Staying in contact with executors on a regular basis is the No. 1 task that will take your business to the next level. Planning a mailing campaign that goes out every 30 days means that even if executors aren’t ready to sell at the moment, when they are, they will have your information at the ready. While you can send letters detailing your interest in the property, using other forms of mailers may be a better fit. Postcards are inexpensive and are easily readable by an executor. Instead of having your letter sit unopened, a postcard that broadcasts your contact information and your interest in the property might be a better fit.

No matter what communications tool you choose, make sure to get those mailings out to every estate executor with the clear message that you have an interest in working with him or her to “cash out” the property. Every probate is different, so you could get an immediate call, or it may take time for executors to get back to you. In any case, you will know they have your information handy.

When an Executor Makes Contact

It can be difficult to get contact information from executors, so when they do call, text or email you, make sure to answer your phone in person and make every effort to get in touch with them as soon as possible. You can set up a time to learn about their property and let them know a little bit about what you do and how you can help them. Perhaps you can pay cash, buy quickly or buy “as is.” Regardless of your particular “value proposition,” this is your opportunity to let them know how the two of you—working together—can get them the money they need to help settle their estate.

Visit in Person

Once you get in touch with the executor and determine which properties are of interest, take the time to drive out and look at the property in person. Just as with traditional real estate, good buys in probate real estate are based on location, location, location. While you may only be able to do a brief exterior inspection, you will be able to see quickly whether the house needs a new roof, new exterior paint or work to improve the condition of the landscaping. The status of these items will give you a good idea of how the interior may look, though that will require an interior visit to know for sure.

Note the location of the property. Is it near shopping, schools or new construction? Is it in a neighborhood where many homes have been renovated recently? You can check approximate home values by looking up the area on the internet to see the prices that are being asked. While this isn’t an exact comparison, it will give you an idea where the homes are selling.

If the property seems like one that you are interested in pursuing, then you can get back with the executor and make additional arrangements.

Working with the ‘Right’ Team

When you start your probate real estate business, it is important to begin your program with the support of a professional probate team. Finding a source that can provide you with leads and other products and services will help you ramp up quickly, find properties that fit the profile you are seeking and then profit from those properties.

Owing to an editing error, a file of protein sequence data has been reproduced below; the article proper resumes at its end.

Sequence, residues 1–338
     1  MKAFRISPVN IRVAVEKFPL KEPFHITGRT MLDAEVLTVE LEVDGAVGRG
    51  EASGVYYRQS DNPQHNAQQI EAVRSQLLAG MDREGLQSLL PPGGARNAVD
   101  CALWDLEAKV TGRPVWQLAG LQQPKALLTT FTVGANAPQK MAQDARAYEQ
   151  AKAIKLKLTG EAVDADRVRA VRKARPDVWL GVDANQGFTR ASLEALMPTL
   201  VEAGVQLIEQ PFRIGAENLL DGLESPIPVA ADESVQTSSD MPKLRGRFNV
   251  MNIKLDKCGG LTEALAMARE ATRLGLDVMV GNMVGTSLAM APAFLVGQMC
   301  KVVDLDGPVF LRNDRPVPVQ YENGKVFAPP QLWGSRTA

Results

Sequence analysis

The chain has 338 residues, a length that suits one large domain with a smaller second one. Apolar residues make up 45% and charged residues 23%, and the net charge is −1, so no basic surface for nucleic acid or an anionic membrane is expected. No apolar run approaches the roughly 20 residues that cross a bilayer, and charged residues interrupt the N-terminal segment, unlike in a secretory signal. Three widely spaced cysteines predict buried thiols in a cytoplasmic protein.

US Probate Leads offers comprehensive support to probate real estate investors, whether you are just starting out or you have been in the business for a while. You can find a wide range of tools that can help move your business forward. We offer webinars and seminars on a regular basis to explain the process of probate investing, as well as to give you tips on what to look for and what to avoid when evaluating a property. We also offer software tools that can help you to schedule your communications. Having this part of your business automated will assist you in getting those mailings out on a regular basis.

The cornerstone of our business is our leads service. We have a trained team of lead specialists who go to virtually every courthouse in the United States to gather the newest and most viable leads for your probate business. These leads are then provided to you on a regular basis and are sent right to your inbox. Having access to a professional lead service can help you find properties quickly without having to spend your valuable time at the courthouse looking through the leads.

For investors who are really serious about their business, our team also offers individualized mentoring programs. These programs are designed to help you learn the nuances of the probate real estate business and earn you profits as well as expose you to the newest techniques of investment.

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  • Leon McKenzie

    Leon McKenzie is chief operating officer of U.S. Probate Leads, which he co-founded 12 years ago. The company has grown to become a leading provider of probate leads for virtually every county in the United States, using a national network of researchers who collect data directly from individual probate courts each month. Contact him at or 877-470-9751.